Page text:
The fact that there has been a focus on this topic of economics of policing, that the national summit was brought together, and the messages from the minister indicate a willingness to begin this dialogue about roles and responsibilities.
    You specifically touch on the issue of the police officer recruitment fund. It's fair to say that obviously this government recognized that there was value in supporting municipalities around this issue with the one-time fund. Clearly, municipalities saw the value that came out of the fund. Much like the discussion we're having with the government and all the political parties right now around a new long-term infrastructure plan, we're now ready to have a new phase of discussion around policing.
    Don't you think that the government said we have a contribution to make, but we no longer have a contribution to make? I'm just saying that maybe it doesn't augur well for a future discussion.
    How much time do I have left?
    Thirty seconds.
    I don't want to get into a debate between the government and the opposition on this issue. My point is that we did see value in it and we see value in continuing a dialogue around what the relationship in the future needs to be like between municipalities and the government when it comes to policing.
    Thank you very much.
    We'll go to Monsieur Rousseau, for three minutes, please.


    My question is for Mr. Vrbanovic.
    We can anticipate budget cuts of $140 million at the Canada Border Services Agency and $190 million at the RCMP. I have several municipalities along the Canada-U.S. border; my riding is close to the State of Vermont. What effect will these cuts have on public safety in these municipalities, and mainly on the downloading of responsibility to municipal and provincial police forces? What will be the cost of this?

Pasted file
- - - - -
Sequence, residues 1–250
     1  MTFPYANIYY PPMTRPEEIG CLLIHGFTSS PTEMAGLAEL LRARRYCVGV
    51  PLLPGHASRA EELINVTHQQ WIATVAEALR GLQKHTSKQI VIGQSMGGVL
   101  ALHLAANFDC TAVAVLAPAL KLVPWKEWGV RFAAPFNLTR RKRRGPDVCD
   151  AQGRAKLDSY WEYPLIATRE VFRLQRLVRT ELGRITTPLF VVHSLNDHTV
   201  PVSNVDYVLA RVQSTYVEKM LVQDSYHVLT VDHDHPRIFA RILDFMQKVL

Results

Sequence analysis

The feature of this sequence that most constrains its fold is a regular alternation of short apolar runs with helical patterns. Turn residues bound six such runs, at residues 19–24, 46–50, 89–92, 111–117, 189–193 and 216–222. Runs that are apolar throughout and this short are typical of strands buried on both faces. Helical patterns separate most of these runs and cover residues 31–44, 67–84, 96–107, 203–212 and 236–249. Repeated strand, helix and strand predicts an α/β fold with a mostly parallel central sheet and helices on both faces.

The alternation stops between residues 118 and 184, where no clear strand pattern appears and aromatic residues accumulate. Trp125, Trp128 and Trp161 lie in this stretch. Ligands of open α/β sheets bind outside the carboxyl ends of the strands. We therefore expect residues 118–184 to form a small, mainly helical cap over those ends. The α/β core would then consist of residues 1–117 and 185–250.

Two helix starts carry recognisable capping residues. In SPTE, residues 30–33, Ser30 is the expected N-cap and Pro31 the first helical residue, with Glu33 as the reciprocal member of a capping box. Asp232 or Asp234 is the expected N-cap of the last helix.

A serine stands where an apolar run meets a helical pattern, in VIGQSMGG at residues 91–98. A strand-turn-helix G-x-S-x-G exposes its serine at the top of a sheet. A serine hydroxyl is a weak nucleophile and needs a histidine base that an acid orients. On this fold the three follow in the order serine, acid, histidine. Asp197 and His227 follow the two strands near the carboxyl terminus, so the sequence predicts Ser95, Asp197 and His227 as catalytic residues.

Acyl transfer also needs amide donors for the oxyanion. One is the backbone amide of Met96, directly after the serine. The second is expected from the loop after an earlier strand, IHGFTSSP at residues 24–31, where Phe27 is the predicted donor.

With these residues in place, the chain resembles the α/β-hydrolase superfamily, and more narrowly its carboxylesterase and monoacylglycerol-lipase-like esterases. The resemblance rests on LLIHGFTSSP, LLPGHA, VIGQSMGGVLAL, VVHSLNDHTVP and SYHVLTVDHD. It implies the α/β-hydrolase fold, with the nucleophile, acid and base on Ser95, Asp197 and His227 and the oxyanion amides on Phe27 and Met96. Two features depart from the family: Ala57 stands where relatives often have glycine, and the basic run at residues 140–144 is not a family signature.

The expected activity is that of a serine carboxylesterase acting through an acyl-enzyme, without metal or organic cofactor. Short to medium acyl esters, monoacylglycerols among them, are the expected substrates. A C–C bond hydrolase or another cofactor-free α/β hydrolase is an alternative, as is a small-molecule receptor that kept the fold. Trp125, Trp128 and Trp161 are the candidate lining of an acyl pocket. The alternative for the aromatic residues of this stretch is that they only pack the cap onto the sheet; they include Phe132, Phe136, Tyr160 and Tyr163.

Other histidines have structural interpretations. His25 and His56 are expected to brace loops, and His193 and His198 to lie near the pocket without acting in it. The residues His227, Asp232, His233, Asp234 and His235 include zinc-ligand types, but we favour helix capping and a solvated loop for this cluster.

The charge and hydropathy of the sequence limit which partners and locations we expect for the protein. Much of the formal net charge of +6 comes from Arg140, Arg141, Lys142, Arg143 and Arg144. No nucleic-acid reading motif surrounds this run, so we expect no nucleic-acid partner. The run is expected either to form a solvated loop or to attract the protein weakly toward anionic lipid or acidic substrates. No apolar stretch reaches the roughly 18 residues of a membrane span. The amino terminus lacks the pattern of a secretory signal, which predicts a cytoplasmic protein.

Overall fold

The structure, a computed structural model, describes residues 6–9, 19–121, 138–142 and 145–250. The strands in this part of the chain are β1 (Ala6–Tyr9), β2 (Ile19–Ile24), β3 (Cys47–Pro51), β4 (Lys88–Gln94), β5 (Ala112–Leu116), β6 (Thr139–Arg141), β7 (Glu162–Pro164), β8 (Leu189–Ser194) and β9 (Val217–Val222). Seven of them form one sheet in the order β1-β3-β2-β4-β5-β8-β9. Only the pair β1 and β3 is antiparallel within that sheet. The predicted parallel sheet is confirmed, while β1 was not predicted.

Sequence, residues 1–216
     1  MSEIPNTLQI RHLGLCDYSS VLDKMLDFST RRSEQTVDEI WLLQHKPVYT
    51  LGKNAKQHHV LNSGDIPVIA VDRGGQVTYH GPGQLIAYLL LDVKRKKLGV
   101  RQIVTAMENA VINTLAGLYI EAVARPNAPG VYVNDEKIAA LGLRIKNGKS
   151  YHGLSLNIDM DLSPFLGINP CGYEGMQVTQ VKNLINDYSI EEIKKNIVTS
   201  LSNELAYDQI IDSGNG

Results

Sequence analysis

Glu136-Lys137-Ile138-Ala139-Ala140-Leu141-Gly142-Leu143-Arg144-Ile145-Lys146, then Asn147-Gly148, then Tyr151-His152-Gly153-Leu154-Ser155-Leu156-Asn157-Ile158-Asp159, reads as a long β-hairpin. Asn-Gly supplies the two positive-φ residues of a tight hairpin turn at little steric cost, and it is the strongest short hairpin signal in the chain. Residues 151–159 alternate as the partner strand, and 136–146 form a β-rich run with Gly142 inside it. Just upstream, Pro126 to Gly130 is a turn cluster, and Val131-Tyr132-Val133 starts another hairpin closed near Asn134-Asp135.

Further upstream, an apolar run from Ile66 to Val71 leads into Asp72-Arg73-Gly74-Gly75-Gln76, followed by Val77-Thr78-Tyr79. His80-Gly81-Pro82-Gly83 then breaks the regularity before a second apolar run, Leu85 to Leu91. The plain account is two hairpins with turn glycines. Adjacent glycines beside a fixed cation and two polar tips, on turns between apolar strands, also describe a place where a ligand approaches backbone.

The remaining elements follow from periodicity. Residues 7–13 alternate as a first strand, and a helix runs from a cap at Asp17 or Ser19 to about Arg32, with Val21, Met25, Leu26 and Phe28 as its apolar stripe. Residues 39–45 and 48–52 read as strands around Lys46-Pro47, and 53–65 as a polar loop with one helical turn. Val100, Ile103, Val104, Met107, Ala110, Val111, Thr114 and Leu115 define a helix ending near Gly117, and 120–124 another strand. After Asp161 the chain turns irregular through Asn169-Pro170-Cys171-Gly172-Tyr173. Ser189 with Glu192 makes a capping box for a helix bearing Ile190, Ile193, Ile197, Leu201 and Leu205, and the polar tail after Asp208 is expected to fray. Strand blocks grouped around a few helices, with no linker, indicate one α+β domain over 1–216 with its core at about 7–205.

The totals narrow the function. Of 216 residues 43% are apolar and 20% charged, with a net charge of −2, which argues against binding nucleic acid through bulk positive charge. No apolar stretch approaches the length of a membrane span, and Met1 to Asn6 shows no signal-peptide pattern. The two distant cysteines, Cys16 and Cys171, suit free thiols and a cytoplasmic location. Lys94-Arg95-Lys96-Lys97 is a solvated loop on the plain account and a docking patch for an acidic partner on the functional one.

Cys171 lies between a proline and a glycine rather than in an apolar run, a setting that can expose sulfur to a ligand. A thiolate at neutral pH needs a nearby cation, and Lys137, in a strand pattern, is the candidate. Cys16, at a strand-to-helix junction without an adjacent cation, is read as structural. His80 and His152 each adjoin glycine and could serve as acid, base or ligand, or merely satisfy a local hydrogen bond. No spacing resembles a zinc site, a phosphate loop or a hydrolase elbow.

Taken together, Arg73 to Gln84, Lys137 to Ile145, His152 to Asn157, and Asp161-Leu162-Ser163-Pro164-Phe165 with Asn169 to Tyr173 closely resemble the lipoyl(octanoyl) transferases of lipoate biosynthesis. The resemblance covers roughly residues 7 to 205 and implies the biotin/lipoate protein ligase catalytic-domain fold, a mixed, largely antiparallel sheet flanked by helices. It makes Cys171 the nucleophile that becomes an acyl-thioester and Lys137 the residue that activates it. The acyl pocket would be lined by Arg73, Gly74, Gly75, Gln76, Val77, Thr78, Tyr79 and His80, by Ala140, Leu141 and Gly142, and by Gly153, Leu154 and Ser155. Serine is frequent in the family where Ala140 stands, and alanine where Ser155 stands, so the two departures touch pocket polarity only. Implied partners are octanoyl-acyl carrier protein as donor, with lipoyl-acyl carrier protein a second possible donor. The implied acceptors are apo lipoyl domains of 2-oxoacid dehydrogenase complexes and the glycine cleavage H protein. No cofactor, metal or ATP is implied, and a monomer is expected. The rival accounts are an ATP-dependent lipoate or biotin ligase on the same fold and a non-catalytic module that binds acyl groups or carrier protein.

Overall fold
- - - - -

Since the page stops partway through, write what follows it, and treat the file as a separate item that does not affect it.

I'd like your opinion on the matter?


    It's fair to say that our members across the country, particularly those in border communities, are concerned when we talk about any cuts in some of these areas, particularly if any of these cuts end up playing out on our streets and in our communities. What worries us as municipalities is that when these things happen, what role are we going to need to play in terms of filling the gaps that are a result of this, particularly in terms of our municipal forces.
    It starts getting to the kind of thing that our 2008 report talked about. As various departments experience fiscal challenges and so on, how does that ultimately play out on the streets of our communities and lead us to the need to have clarity around those roles?Ultimately, how do we collectively best resource them?


    Precisely, this has been a concern in my riding for a number of years; there was a murder associated with illegal immigration. A student in my riding was murdered. In my riding, immigrants sometimes cross the border running.


    They're crossing a farmer's field.


    Aside from that, municipalities do not get many services from provincial police forces. What will be the effect out in the field?



    There is a lack of clarity on what the impact is going to be on the ground on many of these issues and hence we believe there needs to be more dialogue among everyone concerned. The summit and the focus of this committee on the economics of policing is a beginning of an indication of a willingness to explore what this new relationship needs to look like going forward.
    We applaud the committee for looking at this issue. We think it's the beginning of a dialogue that will ultimately help us better address these issues in our communities and keep our communities safer.
    Thank you very much to both of you for appearing before our committee. You say you applaud our committee. We want to applaud both our guests this morning for taking the time to share some of the very concerns that they have in Brooks and on Brooks council, and also in the FCM. We appreciate your testimony and we thank you for that.
    Ms. Sharkey, thank you for coming in early. We certainly appreciate that as well.